Like so many of the planet’s natural habitats, wetlands have been systematically destroyed over the past 300 years. Bogs, fens, marshes and swamps have disappeared from maps and memory, having been drained, dug up and built on.
Being close to a reliable source of water and generally flat, wetlands were always prime targets for building towns and farms. Draining their waterlogged soils has produced some of the most fertile farmland available.
But wetlands also offer some of the best natural solutions to modern crises. They can clean water by removing and filtering pollutants, displace floodwater, shelter wildlife, improve our mental and physical wellbeing and capture climate-changing amounts of carbon.
Peatlands, a particular type of wetland, store at least twice the carbon of all the world’s forests.
How much of the Earth’s precious wetlands have been lost since 1700 was recently addressed by a major new study published in Nature. Previously, it was feared that as much as 50% of our wetlands might have been wiped out. However, the latest research suggests that the figure is actually closer to 21% - an area the size of India.
Some countries have seen much higher losses, with Ireland losing more than 90% of its wetlands. The main reason for these global losses has been the drainage of wetlands for growing crops.
Wetlands are not wastelands
This is the most thorough investigation of its kind. The researchers used historical records and the latest maps to monitor land use on a global scale.
Despite this, the new paper highlights some of the scientific and cultural barriers to studying and managing wetlands. For instance, even identifying what is and isn’t a wetland is harder than for other habitats.
The defining characteristic of a wetland – being wet – is not always easily identified in each region and season. How much is the right amount of wetness? Some classification systems list coral reefs as wetlands, while others argue this is too wet.
And for centuries, wetlands were seen as unproductive wastelands ripe for converting to cropland. This makes records of where these ecosystems used to be sketchy at best.
The report shows clearly that the removal of wetlands is not spread evenly around the globe. Some regions have lost more than average. Around half of the wetlands in Europe have gone, with the UK losing 75% of its original area.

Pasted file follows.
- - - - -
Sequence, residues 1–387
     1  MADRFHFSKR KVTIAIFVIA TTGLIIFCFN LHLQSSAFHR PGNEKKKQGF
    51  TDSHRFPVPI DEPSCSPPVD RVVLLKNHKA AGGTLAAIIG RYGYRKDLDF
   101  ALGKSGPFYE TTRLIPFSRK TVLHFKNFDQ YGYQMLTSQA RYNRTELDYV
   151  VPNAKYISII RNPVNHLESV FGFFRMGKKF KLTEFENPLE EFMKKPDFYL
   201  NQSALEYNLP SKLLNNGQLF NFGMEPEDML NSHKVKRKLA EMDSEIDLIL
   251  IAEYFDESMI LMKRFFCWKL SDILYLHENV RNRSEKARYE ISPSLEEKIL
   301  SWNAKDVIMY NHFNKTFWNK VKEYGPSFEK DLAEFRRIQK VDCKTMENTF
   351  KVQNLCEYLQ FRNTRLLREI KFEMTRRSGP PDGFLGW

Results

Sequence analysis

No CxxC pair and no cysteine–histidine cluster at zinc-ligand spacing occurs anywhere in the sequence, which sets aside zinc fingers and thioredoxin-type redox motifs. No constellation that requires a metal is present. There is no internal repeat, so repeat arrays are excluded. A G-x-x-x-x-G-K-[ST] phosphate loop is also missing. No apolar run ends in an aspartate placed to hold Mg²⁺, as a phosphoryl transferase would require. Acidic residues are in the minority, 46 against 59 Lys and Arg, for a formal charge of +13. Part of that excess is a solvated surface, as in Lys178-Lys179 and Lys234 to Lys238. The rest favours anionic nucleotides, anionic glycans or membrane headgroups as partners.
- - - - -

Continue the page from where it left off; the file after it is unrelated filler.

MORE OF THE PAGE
The US, central Asia, India, China, Japan and south-east Asia are also reported to have lost 50% of their original wetlands. It is these regional differences which promoted the idea that half of all the world’s wetlands had disappeared.
This disparity is somewhat hopeful, as it suggests there are still plenty of wetlands which haven’t been destroyed – particularly the vast northern peatlands of Siberia and Canada.
An ecological tonic
Losing a wetland a few acres in size may not sound much on a global or even national scale, but it’s very serious for the nearby town that now floods when it rains and is catastrophic for the specialised animals and plants, like curlews and swallowtail butterflies, living there.
Fortunately, countries and international organisations are beginning to understand how important wetlands are locally and globally, with some adopting “no-net-loss” policies that oblige developers to restore any habitats they destroy. The UK has promised to ban the sale of peat-based composts for amateur growers by 2024.
Wetland habitats are being conserved around the world, often at huge expense. Over US$10 billion (£8.2 billion) has been spent on a 35-year plan to restore the Florida Everglades, a unique network of subtropical wetlands, making it the largest and most expensive ecological restoration project in the world.
The creation of new wetlands is also underway in many places. The reintroduction of beavers to enclosures across Britain is expected to increase the nation’s wetland coverage, bringing with it all the advantages of these habitats.
Beaver dams and the wetlands they create reduce the effects of flooding by up to 60% and can boost the area’s wildlife. One study showed the number of local mammal species shot up by 86% thanks to these furry engineers.
Even the sustainable drainage system ponds developers create on the fringes of new housing estates could see pocket wetlands appearing in towns and cities across the UK. By mimicking natural drainage regimes instead of removing surface water with pipes and sewers, sustainable drainage systems can create areas of plants and water that have been shown to increase biodiversity, especially invertebrates.
Whether the total global loss of wetlands is 20% or 50% doesn’t really matter. What does matter is that people stop looking at wetlands as wastelands, there for us to drain and turn into “useful” land.
As the UN recently pointed out, an estimated 40% of Earth’s species live and breed in wetlands and a billion people depend on them for their livelihoods. Conserving and restoring these vital habitats is key to achieving a sustainable future.
Christian Dunn, Senior Lecturer in Natural Sciences, Bangor University
This article is republished from The Conversation under a Creative Commons license. Read the original article.